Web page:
By Sujata Iyengar and English 2310 Students
In March 2020, many universities, including the University of Georgia, suddenly closed their campuses and sent students, staff, and faculty home to isolate during the first wave of the SARS-COVID-19 pandemic. Teachers and students suddenly “pivoted” from our active, in-person, communal sessions to remote, asynchronous, text- and video-based learning, supplemented in many cases by regular, synchronous conversations on the virtual meeting platform Zoom.
I was teaching English 2310, the so-called “sophomore survey,” an overview of 1500 years of literature in Neo-Latin, Anglo-Saxon, Anglo-Norman, Middle Welsh, Irish Gaelic, Middle English, and Early Modern English languages in the North Atlantic archipelago (the “British Isles”). Many of my students did not plan to major in English. What was the point, I asked these first- and second-year students at the end of the semester, of studying old literature during this global health crisis? Didn’t they feel their time might be better spent, for example, learning how to sequence DNA or serve as paramedics?
My students’ answers surprised, comforted, and uplifted me. Many wrote that seeing how human beings a thousand years ago coped with disease outbreaks, ageing, and mortality offered them material for, in Katie Kellam’s words, "perseverance and reflection in a difficult time.” Others wrote that reading about earlier periods of self-imposed solitude and characters who treated their isolation as “powerful acts of self-determination" (Jay Nark) helped them tolerate the loneliness of lockdown because it reminded them that the sacrifices they had made would serve their communities. A few mentioned that the religious or spiritual focus of much older literature offered them what Deion Peoples called a “spiritual strengthening,” whether a renewed commitment to a religious tradition or a meditative reflection practice with loved ones, what one called a secular “felix culpa” or fortunate fall.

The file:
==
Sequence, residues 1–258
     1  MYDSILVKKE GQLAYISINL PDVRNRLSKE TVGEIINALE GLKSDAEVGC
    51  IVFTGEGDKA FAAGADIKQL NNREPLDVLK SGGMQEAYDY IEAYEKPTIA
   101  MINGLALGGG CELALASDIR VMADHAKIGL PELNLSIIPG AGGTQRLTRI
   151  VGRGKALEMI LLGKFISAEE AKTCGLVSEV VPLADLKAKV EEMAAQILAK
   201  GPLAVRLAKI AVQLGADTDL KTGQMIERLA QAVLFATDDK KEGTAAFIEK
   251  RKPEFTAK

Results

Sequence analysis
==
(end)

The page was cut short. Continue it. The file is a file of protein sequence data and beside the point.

And a student who prefers to remain anonymous movingly commented on suddenly becoming “disabled” by her immune condition during the pandemic, and how that change in status made her reflect again on the characters and writers in our course who were likewise treated as outsiders.
Below we present extracts from these first- and second-year students, whose college experience will have been irrevocably transformed by the pandemic. I have slightly edited them for continuity, and incorporated links to any freely available online editions of the literature, but have otherwise tried to let these students speak as themselves.
Anonymous, from “I am immunocompromised.”
I am immunocompromised. This means that my immune system is weaker than that of the average individual. I have made my peace with my condition and how it affects my life, but the COVID-19 Pandemic has changed the way my family sees me.